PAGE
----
Review: 2014 Acura MDX

2014 acura mdx technology front side

It is a common believe among Hooniverse readers that, despite my best efforts to say otherwise, cross-over SUVs are the work of the devil and that when you guys need a vehicle capable of hauling people or things, you get either a station wagon or a minivan. Evidently the case is the same for large fuel-efficient sedans; those too are the killer of enthusiasts and they certainly do not belong on an enthusiast car site such as this. Unfortunately you’re all wrong, because as long as it is car-related, it belongs on Hooniverse, and as long as it’s car-related we won’t need no stinkin’ Manifesto to tell ourselves that we should be something that we are not.

I, who consider myself an enthusiast, have owned over a dozen vehicles in my life, everything from a Honda CR-X to a BMW M5, interlaced with some Jeeps in between. Shockingly, I consider my current vehicle, a 2005 Acura MDX, to be the best car I have ever owned. In its 135,000 miles in has never failed me, despite frequently being abused and often poorly maintained. It has been in two serious accidents now, one with airbag deployment, and each time it made it home under its own power.

After recent negotiations with my accountant/boss/wife, it was determined that we have the budget and a want/need for a new family vehicle. We are a two-kid, one-car, city family; truly an oddity in the United States. For this reason I must choose such vehicle wisely; it must be safe, reliable, roomy, comfortable, and be relatively inexpensive to buy, own, and maintain. Oh, and it must meet the wife-factor, which has a completely unknown set of expectations. It was under these criteria that allowed my MDX to have been so good to me. Its upcoming replacement, whatever it may be, has some big shoes to fill. 

It therefore shouldn’t be a surprise that I was very interested in the new 2014 Acura MDX. Now I finally had a chance to drive one and evaluate it from the end-user’s perspective, and, well, I  truly don’t know how I feel about it. 

2014 acura mdx technology side

The biggest change Honda made to this vehicle was de-trucking it. My old MDX feels like a large vehicle; you sit high, you see a lot, it’s got a short-ish wheelbase, and short front and rear overhangs. The 2014 MDX is lower and longer; you sit lower and you really don’t know where the front- or rear-end ends. That is just a perception, as actual length/width/height dimensions vary by no more than 5/1/-1 inches, yet it feels so different to get in and out of, almost wagon-like. The good news is that unlike many other new cars on the market, the MDX has big/tall windows and good visibility.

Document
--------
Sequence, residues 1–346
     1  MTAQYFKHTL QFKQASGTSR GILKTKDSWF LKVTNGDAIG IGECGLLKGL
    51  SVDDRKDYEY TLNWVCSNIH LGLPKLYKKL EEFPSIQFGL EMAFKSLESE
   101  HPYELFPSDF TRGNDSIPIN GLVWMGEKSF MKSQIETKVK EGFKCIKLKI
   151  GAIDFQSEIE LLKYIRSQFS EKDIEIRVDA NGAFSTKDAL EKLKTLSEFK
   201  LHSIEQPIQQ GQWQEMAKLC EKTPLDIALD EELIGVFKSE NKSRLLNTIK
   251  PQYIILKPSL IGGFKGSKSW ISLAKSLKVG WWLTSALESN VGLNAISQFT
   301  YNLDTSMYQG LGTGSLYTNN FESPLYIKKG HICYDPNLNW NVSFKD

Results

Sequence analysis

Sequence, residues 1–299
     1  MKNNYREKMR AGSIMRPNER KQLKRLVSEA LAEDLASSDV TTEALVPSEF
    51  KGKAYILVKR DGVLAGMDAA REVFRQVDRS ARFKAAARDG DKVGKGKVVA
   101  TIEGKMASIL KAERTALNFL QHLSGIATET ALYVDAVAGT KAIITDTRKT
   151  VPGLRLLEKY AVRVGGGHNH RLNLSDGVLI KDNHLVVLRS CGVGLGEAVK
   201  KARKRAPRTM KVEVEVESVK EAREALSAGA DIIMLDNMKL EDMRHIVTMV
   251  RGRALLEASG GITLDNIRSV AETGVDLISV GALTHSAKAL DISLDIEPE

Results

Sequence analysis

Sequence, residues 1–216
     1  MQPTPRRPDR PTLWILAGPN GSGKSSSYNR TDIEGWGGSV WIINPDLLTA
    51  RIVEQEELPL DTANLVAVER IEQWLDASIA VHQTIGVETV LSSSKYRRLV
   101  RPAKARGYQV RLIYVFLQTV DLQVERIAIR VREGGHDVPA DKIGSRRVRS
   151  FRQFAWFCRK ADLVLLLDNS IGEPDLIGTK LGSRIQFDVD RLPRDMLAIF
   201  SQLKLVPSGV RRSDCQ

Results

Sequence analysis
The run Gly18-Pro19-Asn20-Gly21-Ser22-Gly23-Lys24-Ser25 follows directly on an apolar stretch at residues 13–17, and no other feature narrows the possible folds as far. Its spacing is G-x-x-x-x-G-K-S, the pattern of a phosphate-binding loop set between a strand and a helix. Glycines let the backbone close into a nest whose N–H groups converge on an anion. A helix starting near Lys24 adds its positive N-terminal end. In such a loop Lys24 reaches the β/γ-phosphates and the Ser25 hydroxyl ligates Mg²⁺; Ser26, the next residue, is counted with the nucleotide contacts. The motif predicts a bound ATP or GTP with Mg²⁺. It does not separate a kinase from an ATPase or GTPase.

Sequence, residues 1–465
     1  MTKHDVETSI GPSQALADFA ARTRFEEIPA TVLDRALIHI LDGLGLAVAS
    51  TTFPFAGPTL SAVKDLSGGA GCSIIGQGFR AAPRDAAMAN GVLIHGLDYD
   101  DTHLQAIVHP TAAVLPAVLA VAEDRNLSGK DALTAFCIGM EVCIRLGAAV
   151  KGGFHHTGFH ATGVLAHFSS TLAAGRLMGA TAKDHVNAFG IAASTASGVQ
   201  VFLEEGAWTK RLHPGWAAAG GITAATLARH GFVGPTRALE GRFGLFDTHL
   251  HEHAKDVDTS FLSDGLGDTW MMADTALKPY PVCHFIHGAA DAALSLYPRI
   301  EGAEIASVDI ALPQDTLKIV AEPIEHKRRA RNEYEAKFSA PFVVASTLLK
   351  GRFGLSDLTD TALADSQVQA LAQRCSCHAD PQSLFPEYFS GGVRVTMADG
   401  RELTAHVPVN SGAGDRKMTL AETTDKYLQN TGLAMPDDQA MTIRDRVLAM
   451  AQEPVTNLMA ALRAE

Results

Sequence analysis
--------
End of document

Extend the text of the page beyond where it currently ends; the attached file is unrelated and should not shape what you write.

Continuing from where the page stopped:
The original MDX and Honda Pilot have been interior packaging champs of their time, with roomy seats, plenty of cargo volume, nifty cubbies and consoles, large tailgate opening and seats that folded flat. The new MDX, with its sloping roof and shorter tailgate opening, loses some of that and here numbers don’t lie: 2005 MDX passenger volume was 161cu.ft. and the 2014 is 132cu.ft. 

There are numerous interior improvements however, for instance there is now more legroom in the back, mostly due to the longer wheelbase. Accessing the third row seat is much easier due to a redesigned middle bench that now slides with a push of a button, and longer rear doors that open wider. This is very helpful when strapping toddlers into their seats. The center console is much bigger, as are the door pockets, both of which get constantly filled up with junk in my own car. Otherwise, everything is nice and new and pretty, but it is not necessarily different or better.

2014 acura mdx technology dash